Sitting in the 28217 ZIP code of Charlotte, North Carolina, St. Mark’s United Methodist Church is in the middle of a COVID-19 hot spot.
This African American community, in North Carolina’s largest county, considered its precarious situation a “clarion call,” said the Rev. Stephanie Moore Hand, an ordained deacon on the Metro District staff in the Western North Carolina Conference.
On June 26, St. Mark’s leaders invited Atrium Health Care COVID-19 Mobile Testing Facility to their campus. From 6 a.m. to 3 p.m. cars lined the streets around the church for free screening.
Hand said more than 250 cars joined the caravan.
“African Americans comprise approximately 36% of the population in Charlotte, Latinos 14%. However, the (number of) COVID-19 positive cases has been higher for these two populations,” said Fernando Little, St. Mark’s music director and an Atrium Health staff member. “In addition to the disparity in positive cases, there was a glaring gap in the percentage of African Americans and Latinos being tested.”
In Beaumont, Texas, along the upper Gulf Coast, two United Methodist churches worked together to create a pop-up testing clinic.
The Rev. Tommy Williams, pastor of Trinity United Methodist Church, was pondering how to serve Beaumont in a time of COVID-19 restrictions. He also was worrying about how hard the virus was hitting racial-ethnic groups.
He approached the Rev. Rodney Graves, pastor of McCabe Roberts Avenue United Methodist Church, which is in a Beaumont neighborhood that is majority Black, with significant Hispanic population.
Their brainstorming led to the testing clinic, scheduled to go through July 2 at McCabe Roberts Avenue and done in partnership with urgent care group American Family Care.
“God put it on Tommy Williams’ heart that testing needed to take place and a good place to do it would be McCabe Roberts Avenue Church, because we’re in an area of need and we are a church that has a reputation of reaching out into the community,” Graves said.
Graves characterized the response as “tremendous,” with 40 to 50 people a day arriving for appointments to get tested — twice what he expected.
“Obviously there are communities in our greater Dallas area that have less access to medical care in general, and less access to testing,” said the Rev. Andy Lewis, North Texas Conference missional outreach director. “There’s also an intersection between those communities that have less access to medical care and communities where many people perform jobs that are essential services that put them in harm’s way to a greater degree.”
At Cochran Chapel United Methodist, cars began lining up at 6:30 a.m. on June 29 for drive-through testing that wouldn’t begin for another two-and-a-half hours, Lewis said.
The same kind of scene happened June 26 at The United Methodist Church of the Resurrection, in Leawood, Kansas. It’s the largest church in the denomination in average worship attendance, and in a solidly suburban area.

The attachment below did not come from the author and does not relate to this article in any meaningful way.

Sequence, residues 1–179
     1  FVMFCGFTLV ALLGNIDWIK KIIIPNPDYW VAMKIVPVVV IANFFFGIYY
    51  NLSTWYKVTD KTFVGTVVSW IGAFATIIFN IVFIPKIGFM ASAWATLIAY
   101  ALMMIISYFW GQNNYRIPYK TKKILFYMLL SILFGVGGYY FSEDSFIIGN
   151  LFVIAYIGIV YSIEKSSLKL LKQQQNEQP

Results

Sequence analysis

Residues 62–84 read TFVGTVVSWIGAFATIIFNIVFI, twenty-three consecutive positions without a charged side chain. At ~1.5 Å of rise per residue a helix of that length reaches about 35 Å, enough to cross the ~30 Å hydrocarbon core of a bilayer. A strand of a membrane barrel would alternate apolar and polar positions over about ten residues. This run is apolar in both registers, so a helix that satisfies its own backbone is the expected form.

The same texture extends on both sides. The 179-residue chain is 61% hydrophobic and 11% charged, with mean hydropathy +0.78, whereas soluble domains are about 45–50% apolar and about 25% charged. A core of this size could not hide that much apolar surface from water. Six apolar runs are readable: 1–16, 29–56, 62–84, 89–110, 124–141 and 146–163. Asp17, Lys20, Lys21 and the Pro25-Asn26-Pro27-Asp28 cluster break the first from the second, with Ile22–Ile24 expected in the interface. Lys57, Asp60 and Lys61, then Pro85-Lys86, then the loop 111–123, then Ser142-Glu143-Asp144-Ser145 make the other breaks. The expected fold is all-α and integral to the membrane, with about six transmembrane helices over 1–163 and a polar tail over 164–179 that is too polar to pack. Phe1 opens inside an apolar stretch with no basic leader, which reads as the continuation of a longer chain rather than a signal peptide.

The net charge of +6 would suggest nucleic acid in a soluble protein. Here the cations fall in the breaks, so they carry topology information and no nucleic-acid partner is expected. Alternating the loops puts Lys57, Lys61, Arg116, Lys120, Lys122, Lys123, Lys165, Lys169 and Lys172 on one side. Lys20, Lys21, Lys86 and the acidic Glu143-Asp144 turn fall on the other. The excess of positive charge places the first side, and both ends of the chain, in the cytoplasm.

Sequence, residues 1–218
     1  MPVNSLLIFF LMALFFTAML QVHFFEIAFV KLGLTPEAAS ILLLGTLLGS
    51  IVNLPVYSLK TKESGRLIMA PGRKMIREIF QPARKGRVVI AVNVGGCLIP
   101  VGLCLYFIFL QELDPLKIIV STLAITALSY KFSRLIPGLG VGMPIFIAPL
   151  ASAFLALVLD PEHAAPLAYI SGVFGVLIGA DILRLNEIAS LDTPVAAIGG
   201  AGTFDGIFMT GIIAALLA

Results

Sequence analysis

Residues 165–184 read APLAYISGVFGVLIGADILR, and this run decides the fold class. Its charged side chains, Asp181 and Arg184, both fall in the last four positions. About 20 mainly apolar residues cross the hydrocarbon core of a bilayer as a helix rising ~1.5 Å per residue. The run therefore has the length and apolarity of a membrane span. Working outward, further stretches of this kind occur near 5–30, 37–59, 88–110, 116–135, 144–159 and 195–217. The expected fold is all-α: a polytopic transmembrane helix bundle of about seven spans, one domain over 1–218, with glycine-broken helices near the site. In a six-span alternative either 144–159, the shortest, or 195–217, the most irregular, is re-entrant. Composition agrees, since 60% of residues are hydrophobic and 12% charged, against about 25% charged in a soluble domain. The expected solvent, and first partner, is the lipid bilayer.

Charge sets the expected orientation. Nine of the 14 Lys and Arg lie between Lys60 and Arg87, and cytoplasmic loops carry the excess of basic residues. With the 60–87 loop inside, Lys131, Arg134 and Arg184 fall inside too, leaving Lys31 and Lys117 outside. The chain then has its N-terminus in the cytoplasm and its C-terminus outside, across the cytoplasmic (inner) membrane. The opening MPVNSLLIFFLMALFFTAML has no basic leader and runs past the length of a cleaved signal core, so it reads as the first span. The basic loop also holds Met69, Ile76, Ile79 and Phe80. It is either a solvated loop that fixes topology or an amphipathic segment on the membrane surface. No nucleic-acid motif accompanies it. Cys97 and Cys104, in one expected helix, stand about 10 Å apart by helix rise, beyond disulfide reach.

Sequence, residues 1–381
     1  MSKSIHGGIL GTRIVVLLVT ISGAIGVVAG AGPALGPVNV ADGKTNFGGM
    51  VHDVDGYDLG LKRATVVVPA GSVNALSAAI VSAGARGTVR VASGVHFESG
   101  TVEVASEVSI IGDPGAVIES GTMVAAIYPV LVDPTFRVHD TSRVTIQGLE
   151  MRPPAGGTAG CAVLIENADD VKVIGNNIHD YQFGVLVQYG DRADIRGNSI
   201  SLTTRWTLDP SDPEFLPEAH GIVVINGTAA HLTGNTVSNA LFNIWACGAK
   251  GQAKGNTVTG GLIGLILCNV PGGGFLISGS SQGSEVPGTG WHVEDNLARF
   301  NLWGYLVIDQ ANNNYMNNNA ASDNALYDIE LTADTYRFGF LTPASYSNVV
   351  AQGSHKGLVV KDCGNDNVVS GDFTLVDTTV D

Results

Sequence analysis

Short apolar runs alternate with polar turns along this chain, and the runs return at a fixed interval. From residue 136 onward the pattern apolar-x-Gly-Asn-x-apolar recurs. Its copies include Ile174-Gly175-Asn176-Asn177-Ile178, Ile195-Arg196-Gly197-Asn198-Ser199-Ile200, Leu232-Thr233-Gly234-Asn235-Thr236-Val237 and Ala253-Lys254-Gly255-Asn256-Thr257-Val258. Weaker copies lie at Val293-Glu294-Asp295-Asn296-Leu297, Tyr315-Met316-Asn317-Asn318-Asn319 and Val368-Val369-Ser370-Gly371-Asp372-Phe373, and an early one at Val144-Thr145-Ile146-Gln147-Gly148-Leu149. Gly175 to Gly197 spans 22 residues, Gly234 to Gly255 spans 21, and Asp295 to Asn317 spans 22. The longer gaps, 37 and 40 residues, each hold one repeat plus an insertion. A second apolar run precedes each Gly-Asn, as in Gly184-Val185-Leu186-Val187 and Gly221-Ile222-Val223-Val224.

But its partnership with surrounding Johnson County in providing free testing brought a diverse crowd, and a big one. Some 1,400 people were tested in two hours as hundreds of cars weaved through the mega-church’s campus.
“They ran out of tests,” said Cathy Bien, communications director for the church.
In The Villages, a Florida retirement community, New Covenant United Methodist Church is a COVID-19 testing site. Older people are especially vulnerable to the coronavirus, and they’re mostly the ones who have been arriving at the church to be screened, said the Rev. Harold Hendren.
He credited Anne Foote Hill, the church’s director of administration, for working closely with Sumter County Health Department officials to make the drive-through testing happen.
The church is on track to host more than 1,200 area residents for testing over a four-day period.
“This is just another way of living into our vision statement to be the hands, feet and voice of Jesus Christ,” Hendren said.
Forest Chapel United Methodist Church, in Cincinnati, made its debut as a free testing site July 1, working with state and local authorities, including the Ohio National Guard.
“The visibility of Forest Chapel United Methodist Church has grown so much over the past seven years that when a community partner is needed, Forest Chapel immediately springs to mind,” said the Rev. Kabamba Kiboko, pastor.
She added that people began arriving at Forest Chapel before 9 a.m. for testing that didn’t begin until 1 p.m. By day’s end, 941 screenings had been performed.
At St. Mark’s in Charlotte, community members got COVID-19 testing, but they also were able to connect with food pantries, primary care services and other programs aimed at addressing social and health disparities.
“St. Mark’s is delighted to partner with Atrium Health Systems to provide space and shift resources toward closer proximity to our neighbors who have less access,” said the Rev. Otto Harris, lead pastor of St. Mark’s.
At St. Mark’s and other United Methodist churches serving as testing sites, church staff and church members are sometimes among those standing in line.
Leah Steadman, director of St. Mark’s Child Development Center, wanted to be tested to do her part.
“The thought of me being asymptomatic and spreading the virus scares me,” she said.
Gilbert and Hodges are writers for United Methodist News. Lindsay Peyton of The Texas Conference contributed. Contact Gilbert and Hodges at 615-742-5470 or [email protected]. To read more United Methodist news, subscribe to the free Daily or Weekly Digests.
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